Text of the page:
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" I personally think "being Alpha" is more about being a calm, confident leader who can and will lay down the law when necessary with a firm but appropriate correction. There seems to be a mindset any more Alpha = dictator and to me this attitude can ruin what could otherwise be an awesome relationship with the family dog or even a working partner. "

That's it you said is it perfectly. The problems we see is when a dog challenges and wants to become the leader. That's when people start to label the dog as being alpha but in fact the dog is not alpha dog but is trying to become that. power struggles bring out the worst in everyone.

Also all this comparing dogs to wolves I think is not going to help us Learn anything about dogs. Dogs are not wolves and have not been for 15,000 years. Watching our dog interact with each other is the only way to Learn about dog behavior. we need to Learn from our dogs not there very distant cousin.

A lot of research also suggests that dogs are like immature wolves - thus wouldn't they need a "parent"? (Alpha?)
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Old 01-02-2013, 03:10 AM   #60 (permalink)
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When I got my dog his trainer's evaluation was that he is a "natural alpha."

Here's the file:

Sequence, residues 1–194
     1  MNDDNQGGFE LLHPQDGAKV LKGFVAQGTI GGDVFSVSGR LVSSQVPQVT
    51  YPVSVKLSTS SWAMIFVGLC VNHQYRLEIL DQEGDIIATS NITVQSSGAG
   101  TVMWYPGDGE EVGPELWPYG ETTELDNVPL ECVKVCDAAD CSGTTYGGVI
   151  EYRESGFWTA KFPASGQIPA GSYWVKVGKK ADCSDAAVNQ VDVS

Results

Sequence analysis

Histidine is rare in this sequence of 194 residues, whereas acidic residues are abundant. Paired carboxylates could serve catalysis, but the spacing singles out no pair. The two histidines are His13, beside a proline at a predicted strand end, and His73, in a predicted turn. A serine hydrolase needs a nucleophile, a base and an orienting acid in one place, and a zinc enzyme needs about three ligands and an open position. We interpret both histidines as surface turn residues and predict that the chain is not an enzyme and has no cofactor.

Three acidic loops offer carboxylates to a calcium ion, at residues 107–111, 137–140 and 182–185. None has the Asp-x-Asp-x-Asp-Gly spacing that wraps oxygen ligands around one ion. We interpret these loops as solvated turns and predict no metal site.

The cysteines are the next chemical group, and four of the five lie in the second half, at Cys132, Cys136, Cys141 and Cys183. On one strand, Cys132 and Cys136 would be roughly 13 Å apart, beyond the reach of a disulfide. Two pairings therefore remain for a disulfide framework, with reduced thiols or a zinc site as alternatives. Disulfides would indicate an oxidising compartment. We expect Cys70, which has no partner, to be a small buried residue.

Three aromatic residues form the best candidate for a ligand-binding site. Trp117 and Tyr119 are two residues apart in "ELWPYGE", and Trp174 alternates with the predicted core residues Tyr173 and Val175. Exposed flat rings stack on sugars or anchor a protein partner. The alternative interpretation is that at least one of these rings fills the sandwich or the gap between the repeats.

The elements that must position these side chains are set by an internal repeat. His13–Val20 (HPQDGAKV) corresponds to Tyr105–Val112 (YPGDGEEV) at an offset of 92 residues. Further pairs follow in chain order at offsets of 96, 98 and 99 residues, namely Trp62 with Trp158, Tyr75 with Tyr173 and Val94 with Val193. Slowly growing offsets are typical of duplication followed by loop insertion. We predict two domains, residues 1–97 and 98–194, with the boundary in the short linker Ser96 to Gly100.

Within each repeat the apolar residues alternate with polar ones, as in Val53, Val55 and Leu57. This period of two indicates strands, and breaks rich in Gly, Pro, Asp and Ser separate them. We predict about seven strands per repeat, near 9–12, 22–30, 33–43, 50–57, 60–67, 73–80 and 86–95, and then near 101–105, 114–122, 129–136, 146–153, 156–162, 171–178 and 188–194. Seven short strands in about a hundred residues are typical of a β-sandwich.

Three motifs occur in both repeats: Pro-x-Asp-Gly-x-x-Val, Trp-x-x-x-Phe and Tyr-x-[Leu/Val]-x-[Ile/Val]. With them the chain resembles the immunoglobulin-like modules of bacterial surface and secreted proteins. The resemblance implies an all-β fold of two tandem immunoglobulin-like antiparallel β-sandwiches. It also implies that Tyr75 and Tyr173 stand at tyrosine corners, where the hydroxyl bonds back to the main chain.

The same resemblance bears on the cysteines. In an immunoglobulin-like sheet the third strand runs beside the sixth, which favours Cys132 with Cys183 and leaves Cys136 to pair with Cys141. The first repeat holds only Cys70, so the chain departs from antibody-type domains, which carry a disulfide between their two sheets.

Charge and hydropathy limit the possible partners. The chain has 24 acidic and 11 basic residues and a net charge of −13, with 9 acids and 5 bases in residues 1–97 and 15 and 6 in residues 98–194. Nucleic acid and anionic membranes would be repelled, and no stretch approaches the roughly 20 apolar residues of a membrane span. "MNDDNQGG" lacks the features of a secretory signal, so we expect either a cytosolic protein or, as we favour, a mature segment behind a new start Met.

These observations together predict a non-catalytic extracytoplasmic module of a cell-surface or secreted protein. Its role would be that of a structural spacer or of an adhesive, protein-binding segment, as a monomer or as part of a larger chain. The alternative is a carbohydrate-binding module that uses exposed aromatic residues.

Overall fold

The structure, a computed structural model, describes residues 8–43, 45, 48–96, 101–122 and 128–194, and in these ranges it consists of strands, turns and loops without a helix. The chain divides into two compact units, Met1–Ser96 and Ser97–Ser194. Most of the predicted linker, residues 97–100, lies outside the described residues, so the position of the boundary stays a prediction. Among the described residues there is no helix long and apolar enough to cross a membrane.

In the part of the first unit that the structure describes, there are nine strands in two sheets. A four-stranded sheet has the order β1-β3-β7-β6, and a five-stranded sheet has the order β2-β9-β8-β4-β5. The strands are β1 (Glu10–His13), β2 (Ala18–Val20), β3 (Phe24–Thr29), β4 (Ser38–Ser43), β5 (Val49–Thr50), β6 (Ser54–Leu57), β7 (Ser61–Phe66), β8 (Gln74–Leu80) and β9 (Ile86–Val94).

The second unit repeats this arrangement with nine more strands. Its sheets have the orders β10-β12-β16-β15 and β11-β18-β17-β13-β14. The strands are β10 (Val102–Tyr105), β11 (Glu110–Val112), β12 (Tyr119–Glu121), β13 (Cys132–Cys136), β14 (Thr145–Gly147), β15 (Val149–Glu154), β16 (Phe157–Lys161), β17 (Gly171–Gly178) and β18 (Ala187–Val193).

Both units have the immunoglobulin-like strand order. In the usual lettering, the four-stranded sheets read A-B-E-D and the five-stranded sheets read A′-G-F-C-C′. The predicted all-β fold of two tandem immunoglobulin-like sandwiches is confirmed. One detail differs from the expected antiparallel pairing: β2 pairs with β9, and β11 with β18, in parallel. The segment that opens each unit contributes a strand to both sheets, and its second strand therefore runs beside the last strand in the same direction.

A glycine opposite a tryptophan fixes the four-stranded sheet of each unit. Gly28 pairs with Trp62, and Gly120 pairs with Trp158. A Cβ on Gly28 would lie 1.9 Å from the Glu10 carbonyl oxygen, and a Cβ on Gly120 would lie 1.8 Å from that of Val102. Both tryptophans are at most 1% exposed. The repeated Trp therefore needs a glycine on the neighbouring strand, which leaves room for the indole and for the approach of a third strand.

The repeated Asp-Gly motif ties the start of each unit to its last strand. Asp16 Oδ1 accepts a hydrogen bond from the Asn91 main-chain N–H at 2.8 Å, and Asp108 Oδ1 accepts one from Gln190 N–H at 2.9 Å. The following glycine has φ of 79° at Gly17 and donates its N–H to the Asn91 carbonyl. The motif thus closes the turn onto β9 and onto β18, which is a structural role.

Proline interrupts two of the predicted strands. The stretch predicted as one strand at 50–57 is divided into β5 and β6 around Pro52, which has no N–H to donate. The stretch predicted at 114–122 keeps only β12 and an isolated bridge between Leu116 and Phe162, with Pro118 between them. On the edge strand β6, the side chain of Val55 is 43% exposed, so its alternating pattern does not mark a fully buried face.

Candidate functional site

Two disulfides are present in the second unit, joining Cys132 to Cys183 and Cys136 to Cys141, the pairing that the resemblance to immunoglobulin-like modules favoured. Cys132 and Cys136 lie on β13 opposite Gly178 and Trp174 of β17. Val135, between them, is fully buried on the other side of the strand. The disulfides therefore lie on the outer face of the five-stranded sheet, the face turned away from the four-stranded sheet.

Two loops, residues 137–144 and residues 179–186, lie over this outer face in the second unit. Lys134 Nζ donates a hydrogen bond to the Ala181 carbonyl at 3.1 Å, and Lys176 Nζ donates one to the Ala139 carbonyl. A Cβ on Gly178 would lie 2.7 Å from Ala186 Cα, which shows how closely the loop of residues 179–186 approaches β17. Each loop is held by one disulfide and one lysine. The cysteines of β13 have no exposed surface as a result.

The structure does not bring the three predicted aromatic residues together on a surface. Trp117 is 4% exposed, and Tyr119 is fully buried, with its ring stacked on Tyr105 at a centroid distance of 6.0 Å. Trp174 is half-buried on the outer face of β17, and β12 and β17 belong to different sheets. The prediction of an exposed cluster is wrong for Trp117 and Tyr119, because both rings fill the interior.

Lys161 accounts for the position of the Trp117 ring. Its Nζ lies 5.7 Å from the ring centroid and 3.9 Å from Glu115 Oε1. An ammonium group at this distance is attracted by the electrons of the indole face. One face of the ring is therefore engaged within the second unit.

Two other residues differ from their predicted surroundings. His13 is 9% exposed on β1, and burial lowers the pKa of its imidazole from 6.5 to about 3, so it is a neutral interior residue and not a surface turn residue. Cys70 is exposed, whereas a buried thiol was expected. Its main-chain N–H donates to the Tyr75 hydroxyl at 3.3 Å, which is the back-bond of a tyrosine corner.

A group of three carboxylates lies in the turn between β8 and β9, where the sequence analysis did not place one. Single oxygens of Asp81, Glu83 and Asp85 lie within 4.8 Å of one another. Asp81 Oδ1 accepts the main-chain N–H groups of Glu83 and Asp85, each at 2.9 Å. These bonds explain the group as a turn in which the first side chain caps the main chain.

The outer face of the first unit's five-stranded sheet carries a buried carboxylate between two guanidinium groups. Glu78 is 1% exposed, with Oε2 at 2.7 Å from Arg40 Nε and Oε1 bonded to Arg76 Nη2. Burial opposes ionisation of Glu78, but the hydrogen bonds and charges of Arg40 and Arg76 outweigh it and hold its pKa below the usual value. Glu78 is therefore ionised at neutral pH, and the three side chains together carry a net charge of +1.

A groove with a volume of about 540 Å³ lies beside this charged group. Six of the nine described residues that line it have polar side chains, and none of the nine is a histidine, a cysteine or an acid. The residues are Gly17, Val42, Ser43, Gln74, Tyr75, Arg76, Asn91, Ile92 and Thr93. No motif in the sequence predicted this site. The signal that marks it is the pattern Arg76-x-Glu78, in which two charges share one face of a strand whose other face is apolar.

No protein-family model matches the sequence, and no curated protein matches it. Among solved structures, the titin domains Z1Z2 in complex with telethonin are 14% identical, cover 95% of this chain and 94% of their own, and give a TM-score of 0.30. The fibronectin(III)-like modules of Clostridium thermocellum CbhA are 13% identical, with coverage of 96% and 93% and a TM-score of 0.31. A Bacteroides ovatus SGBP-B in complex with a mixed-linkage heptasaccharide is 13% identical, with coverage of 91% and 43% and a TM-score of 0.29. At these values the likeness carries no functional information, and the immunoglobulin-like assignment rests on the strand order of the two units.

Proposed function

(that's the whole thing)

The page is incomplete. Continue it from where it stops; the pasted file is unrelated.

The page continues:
I know it is a subject of controversy, but that's not why I'm bringing it up. I mention it to offer the observations of how she came to that conclusion.

I was supposed to choose between Shadow and his brother to be my future service dog. They were 5 weeks old. Shadow walked steadily to me, and sniffed my hand. Then he went to lay down in the shade. His brother Jason ran to me and bit me. While Shadow rested in the shade, Jason roamed around and checked everyone out.

My parents and I talked to the trainer and the breeder for a while and the trainer poured the pups some kibble in a big bowl. Jason went for it right away and ate sticking to the edges of the bowl. Then Shadow walked over with all his steady calm, went for the kibble in the center of the bowl and planted his paw in the bowl. Jason went away. Shadow ate until maybe 6 or so bits, went back to his spot in the shade and Jason came and ate the rest.

I took both dogs home. Shadow stayed by my bed and Jason explored the whole place. His brother would initiate all the play fighting and fighting (I couldnt always tell the difference) and he would bite a lot harder.

Another observation was when Shadow was 4 months old he met a senior Weimaraner, Cinnamon. Cinnamon has an injured paw and she growled at Shadow when he sniffed it. Shadow retreated and then came forward in full dominance stand (ears forward, chest out, tail wagging) and he talked to her. It was a gentle bark, til she put her head down and laid down.

So the alpha is calm, gentle, steady, not aggressive.